To give credit where it's due, Landeros and Wheeler bring some worthwhile new ideas to the table. In addition to the "exit polls," each chapter break also provides a variety of optional, user-selectable "Interludes." These include "Encounters," in which characters speak directly to the camera about their feelings and reactions to the events of the previous chapter, and "Explore" topics, which allow the viewer to more closely examine props, print materials and other relevant background information. This is genuinely innovative stuff, bringing a book-like depth to the production, and I can think of many mainstream, linear movies that would benefit from this type of supplementary material.

Unfortunately, low-budget physical production values and a queasy balance between entertainment and interactivity keep Point of View from achieving its commendable goals. Ultimately, it's an ambitious attempt at a genre whose viability is questionable. The technology and the very concept of the "interactive movie" remain unproven at this writing, but those interested in the possibilities could do worse than to check out this latest attempt. (The stated running time stated is a gross approximation - viewer choices and the amount of time spent exploring the "Interludes" may produce significant variation.)

Rating for Style: B-
Rating for Substance: C-

 

Image Transfer

 One
Aspect Ratio1.78:1 - Widescreen
Original Aspect Ratioyes
Anamorphicyes


Image Transfer Review: An interactive film requires more footage than a conventional movie, in order to cover the plot contingencies and alternate endings inherent to the form. Point of View was shot on Digital Betacam video, using natural lighting in many scenes, in order to keep costs down. Unfortunately, the video source tends to make the production look cheap and amateurish, despite some sophisticated image composition. While the direct-to-DVD digital transfer is crisp and detailed, the source still exhibits some noise, edge enhancement and scan-line artifacts, imparting an undeserved "porno" quality to the proceedings.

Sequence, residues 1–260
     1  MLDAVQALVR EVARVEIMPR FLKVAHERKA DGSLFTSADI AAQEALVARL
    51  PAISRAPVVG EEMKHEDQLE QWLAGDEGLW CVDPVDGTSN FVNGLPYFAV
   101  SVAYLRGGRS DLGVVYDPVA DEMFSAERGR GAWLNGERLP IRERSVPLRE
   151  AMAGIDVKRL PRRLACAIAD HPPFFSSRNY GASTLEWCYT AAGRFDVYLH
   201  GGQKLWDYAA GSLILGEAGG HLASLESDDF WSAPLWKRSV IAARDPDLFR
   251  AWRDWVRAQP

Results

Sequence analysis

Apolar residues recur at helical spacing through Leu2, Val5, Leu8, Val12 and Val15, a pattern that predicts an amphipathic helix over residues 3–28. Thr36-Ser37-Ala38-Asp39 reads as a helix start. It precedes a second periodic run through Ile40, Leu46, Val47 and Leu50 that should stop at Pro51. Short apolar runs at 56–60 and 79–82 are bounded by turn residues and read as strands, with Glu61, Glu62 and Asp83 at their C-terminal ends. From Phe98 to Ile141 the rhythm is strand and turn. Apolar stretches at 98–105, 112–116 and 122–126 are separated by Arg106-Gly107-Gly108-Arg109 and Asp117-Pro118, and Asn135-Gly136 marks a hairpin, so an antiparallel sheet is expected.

Image Transfer Grade: B

 

Audio Transfer

 LanguageRemote Access
MonoEnglishno


Audio Transfer Review: Point of View is presented in Dolby Digital 2.0 monophonic audio format, ProLogic-decoded to the center channel. The soundtrack is audibly low-budget, recorded "live" with near-constant rustling, boom rumble and background noise. Dialogue is generally clear, but music suffers from limited frequency range, and the disappointing mono presentation works against the "immersive" quality the filmmakers were presumably trying to achieve.

Audio Transfer Grade: C-

 

Disc Extras

Static menu
Scene Access with 12 cues
1 Original Trailer(s)
1 Documentaries
Packaging: Amaray
Picture Disc
1 Disc
1-Sided disc(s)
Layers: dual

Extras Review: DVD International supports Point of View with a promotional trailer (in 1.78:1 anamorphic, 2.0 mono format), a brief but insightful Making of PoV documentary (in letterboxed 1.66:1), and a series of Production Notes, describing the technical approach and pointing viewers to the official website. There are twelve chapter stops, but each stop becomes available only after the viewer has watched the previous chapter and answered the "exit poll" questions, due to the interactive, evolving nature of the presentation. A password feature permits resumption of the current version of the story at a later date, but the DVD format's inability to generate dynamic screen content makes this function extremely cumbersome to use.

Extras Grade: C+

 

Final Comments

Point of View is an interesting attempt at a more serious, adult style of "interactive movie." It does several things well, and DVD International is to be commended for pushing the envelope, but we've yet to see proof that the genre will ever work. An interesting concept remains hobbled by technology and design limitations.